Put the tiles into place gently – without pressing down just yet. Tile an ‘L’ shape, one row of tiles across the length and one across the width, before applying the rest of the tiles (this will help you make sure you have the right size gap between each tile). Once you are happy with the positions of the tiles, press down onto the tile so that it really sticks onto the adhesive. If a little adhesive comes up through the gaps between the tiles, that’s fine, just wipe it away with a cloth as quickly as possible.
Try to make sure each of your tiles is flat and at the same level as the others – a spirit level will help you do this.
Your chosen adhesive will tell you the amount of drying time required before grouting. For mine, this was 24 hours. Time for a rest, or to prepare the next table!
Upcycling a Tiled Table: Grouting the Tiles
This part is a bit messy, but fun. Once your tile adhesive is dry, you can fill in the gaps around your tiles with grout. For this, I used the same knife as for the adhesive. Spreading the grout diagonally across the gaps can help it to reach the right places. If you use too much, try to remove the excess soon, as it does start to dry quite quickly.
It’s not the end of the world if it does dry, it’s just easier to remove it while it’s soft. I used a cloth to wipe off the excess (suggest not rinsing out the cloth in your sink in case the grout hardens in your drains – use an outside tap if possible or just throw away the cloth afterwards).
To tidy up the grout in the gaps between the tiles, while the grout was still soft I wrapped my finger in the cloth and gently ran it along the lines.
You’re aiming for something like this:
The instructions on my grout said that the tiles could be polished after an hour. There were some lumps I hadn’t removed properly with the cloth, which were now hardened. To remove these, I gently scraped them off with a teaspoon. If you are using Floral Tiles, the images are permanent and can withstand the level of scraping required here without being damaged. However, as previously noted, tiles aren’t completely indestructible so apply only as much pressure as you need to.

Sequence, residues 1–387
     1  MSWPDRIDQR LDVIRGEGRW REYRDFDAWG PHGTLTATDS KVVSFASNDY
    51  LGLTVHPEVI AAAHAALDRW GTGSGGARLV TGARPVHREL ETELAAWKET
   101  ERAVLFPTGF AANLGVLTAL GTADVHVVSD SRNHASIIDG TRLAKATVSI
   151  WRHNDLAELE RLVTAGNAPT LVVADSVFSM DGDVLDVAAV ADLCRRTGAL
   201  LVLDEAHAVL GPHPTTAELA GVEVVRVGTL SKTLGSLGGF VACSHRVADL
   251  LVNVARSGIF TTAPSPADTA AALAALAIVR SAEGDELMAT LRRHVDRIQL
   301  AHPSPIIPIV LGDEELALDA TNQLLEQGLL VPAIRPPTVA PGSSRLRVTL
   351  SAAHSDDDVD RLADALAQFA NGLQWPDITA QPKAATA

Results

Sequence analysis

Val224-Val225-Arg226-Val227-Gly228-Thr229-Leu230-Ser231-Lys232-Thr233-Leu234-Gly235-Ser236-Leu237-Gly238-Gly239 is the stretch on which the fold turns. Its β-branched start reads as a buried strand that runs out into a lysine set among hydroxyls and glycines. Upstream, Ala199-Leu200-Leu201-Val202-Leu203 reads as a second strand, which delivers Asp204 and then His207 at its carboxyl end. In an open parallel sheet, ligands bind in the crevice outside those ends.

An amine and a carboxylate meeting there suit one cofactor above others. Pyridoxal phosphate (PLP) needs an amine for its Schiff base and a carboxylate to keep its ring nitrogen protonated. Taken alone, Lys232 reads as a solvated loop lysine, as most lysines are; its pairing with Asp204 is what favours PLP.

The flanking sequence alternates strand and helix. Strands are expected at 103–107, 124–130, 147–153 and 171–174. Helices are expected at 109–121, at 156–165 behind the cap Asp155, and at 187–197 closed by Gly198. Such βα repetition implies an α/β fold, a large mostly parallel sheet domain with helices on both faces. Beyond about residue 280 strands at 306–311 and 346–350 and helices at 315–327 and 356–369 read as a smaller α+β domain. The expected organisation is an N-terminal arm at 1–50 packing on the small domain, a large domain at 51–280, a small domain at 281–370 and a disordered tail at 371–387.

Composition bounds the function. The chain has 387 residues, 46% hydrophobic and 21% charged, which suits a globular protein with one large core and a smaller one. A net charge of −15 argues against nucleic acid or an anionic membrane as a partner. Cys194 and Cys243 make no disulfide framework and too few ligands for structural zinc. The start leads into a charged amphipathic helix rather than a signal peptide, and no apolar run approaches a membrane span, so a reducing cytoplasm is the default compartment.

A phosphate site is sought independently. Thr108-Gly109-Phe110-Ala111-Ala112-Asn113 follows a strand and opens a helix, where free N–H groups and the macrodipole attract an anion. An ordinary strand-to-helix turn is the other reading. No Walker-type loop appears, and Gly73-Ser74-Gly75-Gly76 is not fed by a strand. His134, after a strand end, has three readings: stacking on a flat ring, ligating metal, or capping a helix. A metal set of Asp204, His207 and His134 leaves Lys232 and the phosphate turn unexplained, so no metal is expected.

Upcycling a Tiled Table – Ready for Painting!
So now your table is ready for painting. I’m sure you don’t need instructions from me on that subject, but one tip specific to tiled tables is to make sure you don’t get paint on the grout (I used masking tape to cover it), as it won’t come off and you may end up having to tidy it up by painting the grout back to it’s original colour.
Let’s just take a look at the finished table:
Preventing the Grout from becoming Discoloured (Optional)
There’s just one more (optional) step now. I mentioned earlier that the one disadvantage with a tiled table is that over time, the grout can become discoloured. One way to prevent this is to use an acrylic resin coating over the tiles and grout. This protective coating material can be bought as a spray or a liquid. It dries and hardens to create a protective coating over the tiles and grout (some manufacturers claim it is the equivalent of 50 coats of varnish). When choosing, pick one which can cope with the heat from a plate or mug.
If you prefer the more traditional, vintage style unvarnished finish to your tiled table, you could consider using coloured grout. Then any discolouration will be far less obvious than if you had used white grout.
Your Upcycled Tile Table is finished!
Let’s look at it with some pretty things on it and remind ourselves what it originally looked like:
I hope you’ll agree it’s a big improvement and this table now has a new lease of life. Instead of becoming landfill, this table can now be used as an occasional table, side table or coffee table for many more years to come. And as far as I know, it is the only one of it’s kind!
Hopefully you have enjoyed upcycling a tiled table and are keen to do it again. To give you more ideas of what is possible, here are a couple more I upcycled:
A reminder that we have dozens of tiles to choose from in our online shop, plus lots more tiles ideas and inspiration in our blog section. We’d love to see your finished tile tables, please send your pictures to firstname.lastname@example.org, or find us on all the main social media sites, including Houzz and Instagram. Best of luck!